US & Canada

Texas challenges gay marriage benefits

Two linked male symbols are seen on a rainbow flag in this extreme close-up Image copyright AP
Image caption Texas lawmakers are asking the court to reject the "ideology of the sexual revolution"

The Texas Supreme Court is hearing a case that conservatives hope can lead to an overturning of legalised gay marriage nationwide.

Opponents are suing the city of Houston over its decision to extend benefits to same-sex spouses of city employees.

Houston officials argue that they are required to provide them under a US Supreme Court 2015 ruling that same-sex marriage is a legal right nationally.

The court had initially chosen not to hear the legal challenge.

However, under pressure from Republican state lawmakers, including Governor Greg Abbot, the all-Republican court reversed that decision in January and allowed the trial to begin.

In several amicus briefs (advisory opinions to the court), lawmakers asked the court to reject the "'ideology of the sexual revolution" that federal judges had passed into law.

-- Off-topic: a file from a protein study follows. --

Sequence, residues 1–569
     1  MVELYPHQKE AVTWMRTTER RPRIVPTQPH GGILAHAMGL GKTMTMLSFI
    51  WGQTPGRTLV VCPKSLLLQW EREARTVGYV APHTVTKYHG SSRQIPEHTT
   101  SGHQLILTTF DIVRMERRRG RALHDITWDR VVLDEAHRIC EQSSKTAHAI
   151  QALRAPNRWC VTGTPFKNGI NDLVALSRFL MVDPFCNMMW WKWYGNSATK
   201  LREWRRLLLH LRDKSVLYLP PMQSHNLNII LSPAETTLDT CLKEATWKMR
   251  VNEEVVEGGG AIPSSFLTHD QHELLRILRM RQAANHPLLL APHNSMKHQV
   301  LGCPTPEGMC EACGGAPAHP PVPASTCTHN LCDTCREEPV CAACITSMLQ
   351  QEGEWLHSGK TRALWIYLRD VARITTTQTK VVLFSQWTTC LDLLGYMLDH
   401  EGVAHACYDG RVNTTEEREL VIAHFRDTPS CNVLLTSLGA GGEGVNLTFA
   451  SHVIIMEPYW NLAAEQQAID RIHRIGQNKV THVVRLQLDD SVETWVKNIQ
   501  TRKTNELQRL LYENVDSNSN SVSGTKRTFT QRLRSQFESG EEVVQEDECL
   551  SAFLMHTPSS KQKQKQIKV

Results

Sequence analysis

Conservative lawyers argue that the 2015 decision by the US Supreme Court in Washington, Obergefell v Hodges, does not contain language specifically extending benefits to gay spouses.

"Obergefell may require states to license and recognize same-sex marriages, but that does not require states to give taxpayer subsidies to same-sex couples," lawyers challenging Houston policy wrote in a court filing.

Houston officials say they had no choice but to offer the benefits, since the law requires same-sex married couples to be extended the same rights as heterosexual married couples.

Arguments began on Wednesday at the state courthouse in Austin.

The court is expected to issue a decision by the end of June.

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